Samuel Friedrich Capricornus

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Aliases: Samuel Friedrich Bockshorn; Samuel Friedrich Brockshorn


Born: 21 December 1628, Schertitz (now Zerčiče, near Mlodá Boleslav)

Died: 10 November 1665, Stuttgart

German composer and teacher of Bohemian birth. While Capricornus was still very young his family fled to Hungary to escape religious persecution. He was an eager student and studied theology, languages and philosophy in various places, including Silesia between 1643 and 1646. His choice of a musical profession led him to the imperial court in Vienna in 1649, where he came to know the music of Giovanni Valentini and Antonio Bertali. He taught briefly at Reutlingen, and for two years was private tutor to the children of a physician at Pressburg (now Bratislava). In 1651 he became director of music to the churches there and a master at the Gymnasium, but after a year he asked to be relieved of the teaching. He became Kapellmeister to the Württemberg court at Stuttgart on 6 May 1657. His tenure in Stuttgart was marked by bitter contention with Philipp Friedrich Böddecker, organist of the collegiate church. Böddecker, who had expected the Kapellmeister position, criticized Capricornus’s compositions and stirred up the court musicians against him. Capricornus wrote a petition to the duke in self-defense, which provides detailed insight into his compositional process. Capricornus’s years in Stuttgart were further marred by illness and unhappiness in his marriage. Johann Fischer studied with him there from 1661 until his death.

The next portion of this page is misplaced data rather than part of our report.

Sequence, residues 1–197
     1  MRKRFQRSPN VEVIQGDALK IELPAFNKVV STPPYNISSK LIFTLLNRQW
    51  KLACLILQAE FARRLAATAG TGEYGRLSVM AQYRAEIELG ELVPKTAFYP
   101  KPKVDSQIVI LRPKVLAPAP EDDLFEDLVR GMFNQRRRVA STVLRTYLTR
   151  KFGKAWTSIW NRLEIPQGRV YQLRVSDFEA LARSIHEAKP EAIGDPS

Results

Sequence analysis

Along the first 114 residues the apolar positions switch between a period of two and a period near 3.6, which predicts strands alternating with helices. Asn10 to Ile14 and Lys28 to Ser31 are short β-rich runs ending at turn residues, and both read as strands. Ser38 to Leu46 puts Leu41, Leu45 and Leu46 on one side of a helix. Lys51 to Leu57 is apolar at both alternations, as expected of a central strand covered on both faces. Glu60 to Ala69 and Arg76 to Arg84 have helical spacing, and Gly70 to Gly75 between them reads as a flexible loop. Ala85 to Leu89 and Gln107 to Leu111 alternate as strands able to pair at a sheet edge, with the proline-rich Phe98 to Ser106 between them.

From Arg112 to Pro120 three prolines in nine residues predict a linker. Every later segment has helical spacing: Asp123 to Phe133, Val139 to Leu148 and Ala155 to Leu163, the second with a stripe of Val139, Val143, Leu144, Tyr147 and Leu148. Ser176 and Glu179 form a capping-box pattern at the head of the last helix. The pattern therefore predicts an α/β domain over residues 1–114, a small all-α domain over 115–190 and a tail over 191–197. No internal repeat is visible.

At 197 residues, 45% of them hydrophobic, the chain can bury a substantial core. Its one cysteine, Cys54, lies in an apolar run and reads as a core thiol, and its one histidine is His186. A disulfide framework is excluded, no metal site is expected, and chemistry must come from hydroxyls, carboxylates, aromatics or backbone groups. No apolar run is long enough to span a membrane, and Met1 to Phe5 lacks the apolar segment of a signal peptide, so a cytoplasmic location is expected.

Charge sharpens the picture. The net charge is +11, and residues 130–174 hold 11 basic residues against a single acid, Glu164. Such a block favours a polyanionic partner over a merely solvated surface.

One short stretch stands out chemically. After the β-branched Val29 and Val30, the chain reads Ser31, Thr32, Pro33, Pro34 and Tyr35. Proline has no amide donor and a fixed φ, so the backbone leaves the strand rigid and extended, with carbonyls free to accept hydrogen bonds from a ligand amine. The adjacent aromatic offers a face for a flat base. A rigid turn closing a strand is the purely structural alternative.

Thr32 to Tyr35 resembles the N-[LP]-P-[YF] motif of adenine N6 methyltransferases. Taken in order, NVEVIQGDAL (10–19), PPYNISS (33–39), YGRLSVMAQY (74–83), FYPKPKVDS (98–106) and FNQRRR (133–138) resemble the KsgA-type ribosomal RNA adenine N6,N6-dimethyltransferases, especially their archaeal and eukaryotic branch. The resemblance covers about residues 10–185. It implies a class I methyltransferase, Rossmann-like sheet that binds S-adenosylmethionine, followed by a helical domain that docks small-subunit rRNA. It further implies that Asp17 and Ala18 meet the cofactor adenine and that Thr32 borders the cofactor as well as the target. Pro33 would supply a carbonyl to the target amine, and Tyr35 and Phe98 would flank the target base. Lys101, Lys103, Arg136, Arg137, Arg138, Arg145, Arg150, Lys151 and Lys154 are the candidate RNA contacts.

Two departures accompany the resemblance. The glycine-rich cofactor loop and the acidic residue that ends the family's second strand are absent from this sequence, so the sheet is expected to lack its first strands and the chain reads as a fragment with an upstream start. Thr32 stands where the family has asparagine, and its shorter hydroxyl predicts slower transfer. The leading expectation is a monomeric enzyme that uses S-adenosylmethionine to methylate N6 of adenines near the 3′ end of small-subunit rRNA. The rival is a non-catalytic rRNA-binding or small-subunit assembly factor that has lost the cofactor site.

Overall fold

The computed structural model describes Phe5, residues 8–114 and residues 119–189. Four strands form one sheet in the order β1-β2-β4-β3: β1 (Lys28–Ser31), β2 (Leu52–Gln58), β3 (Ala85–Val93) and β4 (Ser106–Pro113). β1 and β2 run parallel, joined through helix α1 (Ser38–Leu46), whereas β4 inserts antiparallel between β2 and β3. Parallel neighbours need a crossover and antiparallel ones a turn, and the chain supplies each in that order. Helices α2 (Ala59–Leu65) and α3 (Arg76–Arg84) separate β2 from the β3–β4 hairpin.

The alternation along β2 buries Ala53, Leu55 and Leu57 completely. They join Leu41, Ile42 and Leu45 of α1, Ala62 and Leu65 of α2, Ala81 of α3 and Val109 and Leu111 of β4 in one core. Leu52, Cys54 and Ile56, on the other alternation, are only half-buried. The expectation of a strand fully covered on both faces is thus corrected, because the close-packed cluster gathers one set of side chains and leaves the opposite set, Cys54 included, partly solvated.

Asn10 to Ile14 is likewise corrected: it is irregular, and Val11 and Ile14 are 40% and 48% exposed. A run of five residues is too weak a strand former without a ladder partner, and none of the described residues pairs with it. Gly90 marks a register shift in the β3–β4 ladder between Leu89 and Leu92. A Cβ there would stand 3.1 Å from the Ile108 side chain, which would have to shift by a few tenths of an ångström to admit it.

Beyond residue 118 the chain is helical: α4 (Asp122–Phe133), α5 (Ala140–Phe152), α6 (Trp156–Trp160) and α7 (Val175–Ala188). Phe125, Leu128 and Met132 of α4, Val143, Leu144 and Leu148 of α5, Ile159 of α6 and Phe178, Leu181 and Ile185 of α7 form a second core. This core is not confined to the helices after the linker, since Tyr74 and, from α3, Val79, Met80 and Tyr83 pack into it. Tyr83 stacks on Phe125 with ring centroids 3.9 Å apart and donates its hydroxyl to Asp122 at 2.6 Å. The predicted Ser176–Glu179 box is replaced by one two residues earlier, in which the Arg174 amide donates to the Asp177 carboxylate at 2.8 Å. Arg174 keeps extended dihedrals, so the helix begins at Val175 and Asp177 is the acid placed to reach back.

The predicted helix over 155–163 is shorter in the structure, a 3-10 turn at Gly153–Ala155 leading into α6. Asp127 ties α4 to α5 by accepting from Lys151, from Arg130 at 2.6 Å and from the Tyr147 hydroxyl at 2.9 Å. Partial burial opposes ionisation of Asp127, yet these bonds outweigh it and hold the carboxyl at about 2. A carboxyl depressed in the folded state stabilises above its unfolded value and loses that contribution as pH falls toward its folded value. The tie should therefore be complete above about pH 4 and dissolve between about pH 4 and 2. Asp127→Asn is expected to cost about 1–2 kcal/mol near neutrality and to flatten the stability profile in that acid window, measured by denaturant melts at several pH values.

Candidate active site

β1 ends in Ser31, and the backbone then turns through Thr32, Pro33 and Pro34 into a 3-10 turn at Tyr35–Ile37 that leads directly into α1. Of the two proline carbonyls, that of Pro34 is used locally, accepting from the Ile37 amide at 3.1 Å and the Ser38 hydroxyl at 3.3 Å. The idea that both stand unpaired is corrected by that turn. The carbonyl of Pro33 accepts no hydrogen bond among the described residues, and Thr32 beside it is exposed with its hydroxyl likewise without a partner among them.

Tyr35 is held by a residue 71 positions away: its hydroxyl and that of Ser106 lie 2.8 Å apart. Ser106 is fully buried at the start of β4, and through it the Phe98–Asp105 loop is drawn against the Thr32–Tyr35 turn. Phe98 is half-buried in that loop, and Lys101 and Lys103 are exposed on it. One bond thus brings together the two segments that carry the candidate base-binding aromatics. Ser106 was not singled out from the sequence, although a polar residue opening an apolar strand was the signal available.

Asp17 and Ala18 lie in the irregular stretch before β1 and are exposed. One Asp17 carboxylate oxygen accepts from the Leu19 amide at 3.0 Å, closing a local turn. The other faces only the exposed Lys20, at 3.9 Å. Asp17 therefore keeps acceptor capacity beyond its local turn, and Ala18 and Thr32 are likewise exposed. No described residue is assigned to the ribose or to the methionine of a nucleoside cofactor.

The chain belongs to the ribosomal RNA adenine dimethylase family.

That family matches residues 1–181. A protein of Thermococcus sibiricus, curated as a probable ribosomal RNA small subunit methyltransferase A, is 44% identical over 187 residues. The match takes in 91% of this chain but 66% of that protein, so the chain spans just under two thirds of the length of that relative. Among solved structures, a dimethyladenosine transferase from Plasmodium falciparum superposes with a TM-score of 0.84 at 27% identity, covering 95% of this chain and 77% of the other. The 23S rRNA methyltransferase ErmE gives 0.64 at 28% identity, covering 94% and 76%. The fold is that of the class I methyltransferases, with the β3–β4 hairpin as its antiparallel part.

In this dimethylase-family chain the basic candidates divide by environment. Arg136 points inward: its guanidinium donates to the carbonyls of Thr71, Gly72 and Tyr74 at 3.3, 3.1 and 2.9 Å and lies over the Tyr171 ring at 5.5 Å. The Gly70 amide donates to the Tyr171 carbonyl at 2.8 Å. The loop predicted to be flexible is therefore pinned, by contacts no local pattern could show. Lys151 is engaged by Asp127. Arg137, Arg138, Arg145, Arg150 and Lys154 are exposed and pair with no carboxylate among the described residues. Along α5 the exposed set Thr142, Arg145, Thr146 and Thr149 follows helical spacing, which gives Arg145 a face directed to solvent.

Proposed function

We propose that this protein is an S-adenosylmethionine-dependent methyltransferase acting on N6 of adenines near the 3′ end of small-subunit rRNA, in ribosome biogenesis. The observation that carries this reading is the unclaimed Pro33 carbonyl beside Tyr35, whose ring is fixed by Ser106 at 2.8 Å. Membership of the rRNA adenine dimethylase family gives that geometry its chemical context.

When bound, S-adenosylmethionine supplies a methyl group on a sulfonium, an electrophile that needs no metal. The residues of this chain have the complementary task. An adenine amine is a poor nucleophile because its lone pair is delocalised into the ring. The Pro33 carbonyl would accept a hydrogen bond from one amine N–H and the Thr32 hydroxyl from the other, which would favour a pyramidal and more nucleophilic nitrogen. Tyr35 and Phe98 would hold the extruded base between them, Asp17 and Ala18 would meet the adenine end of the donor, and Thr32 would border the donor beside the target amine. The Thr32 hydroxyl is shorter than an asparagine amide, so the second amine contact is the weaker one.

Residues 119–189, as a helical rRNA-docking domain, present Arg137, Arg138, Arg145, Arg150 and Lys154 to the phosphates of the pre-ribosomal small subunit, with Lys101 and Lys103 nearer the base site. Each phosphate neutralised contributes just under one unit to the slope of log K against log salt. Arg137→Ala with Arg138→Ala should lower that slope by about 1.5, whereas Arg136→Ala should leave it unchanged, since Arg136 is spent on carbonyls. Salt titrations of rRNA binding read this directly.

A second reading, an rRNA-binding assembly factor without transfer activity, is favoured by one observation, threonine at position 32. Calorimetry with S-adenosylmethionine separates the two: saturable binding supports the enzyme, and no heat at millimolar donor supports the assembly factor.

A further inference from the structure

Capricornus was an important figure in the development of German sacred music between Schütz and J.S. Bach. He was ambitious – he sought and won the approbation of Schütz and Carissimi – and prolific, being one of the few German composers of his time whose works were widely distributed both in manuscripts and prints. Extant inventories list over 400 works, although many of them are lost, especially from his secular music, which included chamber music, ballets and operas. His sacred music, which was still in use liturgically in the early 18th century, includes large concerted works (Opus musicum) and many small concertos, both with instruments (Geistliche Harmonien, Theatrum musicum) and with only continuo accompaniment (Geistliche Concerten). He showed a strong preference for Latin devotional texts, which he set in a very expressive, Italianate manner. The attribution of Carissimi’s oratorio Judicium Salomonis to Capricornus in the posthumous print Continuatio theatri musici has raised questions about the attributions in all of the posthumous prints. His music merits further editing, performance and study.

View the Wikipedia article on Samuel Friedrich Capricornus.

List of choral works

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